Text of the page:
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Sci Rep. 2015 Jul 8;5:11981. doi: 10.1038/srep11981.

Mining microbial metatranscriptomes for expression of antibiotic resistance genes under natural conditions.

Author information

  • 1Laboratory of Microbiology, Wageningen University, Wageningen, The Netherlands.
  • 2Department of Medical Biotechnologies, University of Siena, Italy.
  • 31] Laboratory of Microbiology, Wageningen University, Wageningen, The Netherlands [2] Top Institute Food and Nutrition, Wageningen, The Netherlands.
  • 41] Laboratory of Microbiology, Wageningen University, Wageningen, The Netherlands [2] Top Institute Food and Nutrition, Wageningen, The Netherlands [3] Netherlands Consortium for Systems Biology, University of Amsterdam, The Netherlands.
  • 51] Functional Foods Forum, University of Turku, Turku, Finland [2] Department of Veterinary Biosciences, University of Helsinki, Finland.
  • 6Department of Medical Microbiology, University Medical Center Utrecht, Utrecht, The Netherlands.
  • 71] Laboratory of Microbiology, Wageningen University, Wageningen, The Netherlands [2] Department of Veterinary Biosciences, University of Helsinki, Finland [3] Department of Bacteriology and Immunology, Haartman Institute, University of Helsinki, Finland.
  • 81] Laboratory of Microbiology, Wageningen University, Wageningen, The Netherlands [2] Top Institute Food and Nutrition, Wageningen, The Netherlands [3] NIZO Food Research B.V., Ede, The Netherlands [4] Host-Microbe Interactomics Group, Wageningen University, Wageningen, The Netherlands.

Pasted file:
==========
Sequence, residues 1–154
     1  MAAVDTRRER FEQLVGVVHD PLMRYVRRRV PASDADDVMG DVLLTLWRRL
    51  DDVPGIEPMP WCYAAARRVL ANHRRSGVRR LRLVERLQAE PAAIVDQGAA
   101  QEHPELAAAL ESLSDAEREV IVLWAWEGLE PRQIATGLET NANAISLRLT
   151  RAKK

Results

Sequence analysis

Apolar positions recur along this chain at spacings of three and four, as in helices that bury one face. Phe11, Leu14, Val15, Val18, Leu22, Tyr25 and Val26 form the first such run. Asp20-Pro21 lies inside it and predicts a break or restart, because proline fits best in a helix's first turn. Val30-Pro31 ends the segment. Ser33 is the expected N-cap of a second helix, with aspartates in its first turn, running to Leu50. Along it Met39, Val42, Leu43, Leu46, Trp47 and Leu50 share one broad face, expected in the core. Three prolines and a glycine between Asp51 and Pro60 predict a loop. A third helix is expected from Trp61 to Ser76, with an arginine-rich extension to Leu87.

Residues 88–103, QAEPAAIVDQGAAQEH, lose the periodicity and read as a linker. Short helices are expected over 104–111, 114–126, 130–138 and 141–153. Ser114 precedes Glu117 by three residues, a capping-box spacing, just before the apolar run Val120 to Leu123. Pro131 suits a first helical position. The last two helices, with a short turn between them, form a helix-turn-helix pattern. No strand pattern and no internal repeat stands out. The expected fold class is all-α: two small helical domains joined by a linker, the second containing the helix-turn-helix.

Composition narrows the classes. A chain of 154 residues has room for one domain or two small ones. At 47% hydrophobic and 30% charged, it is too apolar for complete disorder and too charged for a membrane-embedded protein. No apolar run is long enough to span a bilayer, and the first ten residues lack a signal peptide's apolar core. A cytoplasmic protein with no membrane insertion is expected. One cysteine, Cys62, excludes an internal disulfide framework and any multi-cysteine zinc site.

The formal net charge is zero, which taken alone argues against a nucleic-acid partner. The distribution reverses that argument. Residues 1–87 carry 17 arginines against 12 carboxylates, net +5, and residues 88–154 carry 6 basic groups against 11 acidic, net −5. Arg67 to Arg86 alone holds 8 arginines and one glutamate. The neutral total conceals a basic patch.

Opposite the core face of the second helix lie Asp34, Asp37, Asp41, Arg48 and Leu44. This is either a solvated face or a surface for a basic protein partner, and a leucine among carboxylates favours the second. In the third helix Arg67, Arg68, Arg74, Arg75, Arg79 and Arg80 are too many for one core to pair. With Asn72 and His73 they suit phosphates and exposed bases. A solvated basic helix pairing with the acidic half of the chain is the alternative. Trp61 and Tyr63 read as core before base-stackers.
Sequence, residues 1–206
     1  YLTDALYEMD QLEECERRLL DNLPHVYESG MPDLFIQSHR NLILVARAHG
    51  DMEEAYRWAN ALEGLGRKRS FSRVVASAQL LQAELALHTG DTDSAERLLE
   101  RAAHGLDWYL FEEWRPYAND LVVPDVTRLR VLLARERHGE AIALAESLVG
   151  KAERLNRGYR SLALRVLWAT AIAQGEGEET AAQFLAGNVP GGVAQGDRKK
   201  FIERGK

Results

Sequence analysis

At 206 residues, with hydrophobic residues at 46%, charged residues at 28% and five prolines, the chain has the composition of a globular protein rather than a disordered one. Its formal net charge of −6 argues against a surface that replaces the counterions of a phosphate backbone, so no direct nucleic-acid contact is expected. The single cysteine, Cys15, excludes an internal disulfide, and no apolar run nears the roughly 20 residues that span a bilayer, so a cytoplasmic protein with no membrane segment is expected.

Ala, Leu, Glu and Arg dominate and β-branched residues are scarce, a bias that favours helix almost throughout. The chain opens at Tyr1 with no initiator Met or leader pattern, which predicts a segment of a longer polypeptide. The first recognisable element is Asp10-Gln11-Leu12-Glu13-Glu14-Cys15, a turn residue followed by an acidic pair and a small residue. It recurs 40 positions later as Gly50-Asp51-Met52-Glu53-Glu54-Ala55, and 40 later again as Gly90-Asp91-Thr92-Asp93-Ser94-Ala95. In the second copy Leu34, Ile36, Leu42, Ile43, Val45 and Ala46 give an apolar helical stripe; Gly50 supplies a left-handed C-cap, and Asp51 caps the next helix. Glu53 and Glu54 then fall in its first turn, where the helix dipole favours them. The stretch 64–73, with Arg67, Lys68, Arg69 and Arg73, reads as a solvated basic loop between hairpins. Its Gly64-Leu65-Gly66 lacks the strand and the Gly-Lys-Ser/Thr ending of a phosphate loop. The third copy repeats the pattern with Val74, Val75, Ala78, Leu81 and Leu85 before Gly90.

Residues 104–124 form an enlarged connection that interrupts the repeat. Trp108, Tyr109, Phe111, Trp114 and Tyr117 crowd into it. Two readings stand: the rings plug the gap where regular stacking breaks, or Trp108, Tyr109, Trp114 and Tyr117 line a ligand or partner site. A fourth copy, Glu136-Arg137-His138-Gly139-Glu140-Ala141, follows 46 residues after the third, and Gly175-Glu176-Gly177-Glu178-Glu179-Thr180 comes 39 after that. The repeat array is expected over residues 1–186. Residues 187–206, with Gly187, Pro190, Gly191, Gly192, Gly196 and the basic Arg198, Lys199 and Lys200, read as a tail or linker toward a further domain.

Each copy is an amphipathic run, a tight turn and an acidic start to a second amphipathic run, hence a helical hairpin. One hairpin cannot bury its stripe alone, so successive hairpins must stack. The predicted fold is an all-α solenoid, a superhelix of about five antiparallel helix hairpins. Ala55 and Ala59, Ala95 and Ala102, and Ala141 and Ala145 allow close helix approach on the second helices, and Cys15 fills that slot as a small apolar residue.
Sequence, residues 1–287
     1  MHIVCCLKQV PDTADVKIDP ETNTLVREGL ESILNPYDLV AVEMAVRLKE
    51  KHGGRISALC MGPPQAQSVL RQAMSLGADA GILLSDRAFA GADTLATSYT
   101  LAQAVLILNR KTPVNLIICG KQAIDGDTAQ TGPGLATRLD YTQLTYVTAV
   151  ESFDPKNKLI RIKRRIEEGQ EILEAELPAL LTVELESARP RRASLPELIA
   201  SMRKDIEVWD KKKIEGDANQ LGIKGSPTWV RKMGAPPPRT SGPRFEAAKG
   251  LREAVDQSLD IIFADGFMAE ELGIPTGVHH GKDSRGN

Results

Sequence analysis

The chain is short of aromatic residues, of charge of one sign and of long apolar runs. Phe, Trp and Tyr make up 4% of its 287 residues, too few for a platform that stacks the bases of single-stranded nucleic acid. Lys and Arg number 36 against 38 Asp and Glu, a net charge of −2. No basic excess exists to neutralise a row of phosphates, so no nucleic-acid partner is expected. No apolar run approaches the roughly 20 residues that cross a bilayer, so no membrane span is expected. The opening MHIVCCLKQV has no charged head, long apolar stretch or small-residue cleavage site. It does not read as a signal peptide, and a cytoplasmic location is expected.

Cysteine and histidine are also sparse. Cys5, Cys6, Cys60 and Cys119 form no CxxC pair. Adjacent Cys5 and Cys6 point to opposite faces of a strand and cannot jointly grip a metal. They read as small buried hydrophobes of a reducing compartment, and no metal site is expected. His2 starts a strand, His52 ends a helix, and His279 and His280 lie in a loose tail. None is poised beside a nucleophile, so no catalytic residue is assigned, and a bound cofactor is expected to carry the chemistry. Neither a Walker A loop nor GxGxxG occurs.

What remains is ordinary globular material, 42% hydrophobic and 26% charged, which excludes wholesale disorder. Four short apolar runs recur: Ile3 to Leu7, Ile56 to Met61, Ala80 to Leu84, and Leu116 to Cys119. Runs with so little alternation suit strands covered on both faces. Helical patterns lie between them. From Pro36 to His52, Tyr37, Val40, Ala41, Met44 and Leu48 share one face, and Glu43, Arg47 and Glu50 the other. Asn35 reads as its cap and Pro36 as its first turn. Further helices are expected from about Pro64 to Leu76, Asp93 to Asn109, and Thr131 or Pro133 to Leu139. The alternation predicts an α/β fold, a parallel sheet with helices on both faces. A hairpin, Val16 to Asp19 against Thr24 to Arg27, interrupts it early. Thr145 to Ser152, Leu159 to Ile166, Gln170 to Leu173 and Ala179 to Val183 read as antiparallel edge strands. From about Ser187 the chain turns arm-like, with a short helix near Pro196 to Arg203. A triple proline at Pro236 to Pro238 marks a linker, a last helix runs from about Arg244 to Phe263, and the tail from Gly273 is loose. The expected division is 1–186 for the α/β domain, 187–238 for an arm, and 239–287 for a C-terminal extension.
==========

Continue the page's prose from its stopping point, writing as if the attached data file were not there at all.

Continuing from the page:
• 91] Laboratory of Microbiology, Wageningen University, Wageningen, The Netherlands [2] National Institute for Public Health and the Environment, Bilthoven, The Netherlands.

Abstract

Antibiotic resistance genes are found in a broad range of ecological niches associated with complex microbiota. Here we investigated if resistance genes are not only present, but also transcribed under natural conditions. Furthermore, we examined the potential for antibiotic production by assessing the expression of associated secondary metabolite biosynthesis gene clusters. Metatranscriptome datasets from intestinal microbiota of four human adults, one human infant, 15 mice and six pigs, of which only the latter have received antibiotics prior to the study, as well as from sea bacterioplankton, a marine sponge, forest soil and sub-seafloor sediment, were investigated. We found that resistance genes are expressed in all studied ecological niches, albeit with niche-specific differences in relative expression levels and diversity of transcripts. For example, in mice and human infant microbiota predominantly tetracycline resistance genes were expressed while in human adult microbiota the spectrum of expressed genes was more diverse, and also included β-lactam, aminoglycoside and macrolide resistance genes. Resistance gene expression could result from the presence of natural antibiotics in the environment, although we could not link it to expression of corresponding secondary metabolites biosynthesis clusters. Alternatively, resistance gene expression could be constitutive, or these genes serve alternative roles besides antibiotic resistance.

PMID:
26153129
PMCID:
PMC4495384
DOI:
10.1038/srep11981
[PubMed - indexed for MEDLINE]
Free PMC Article
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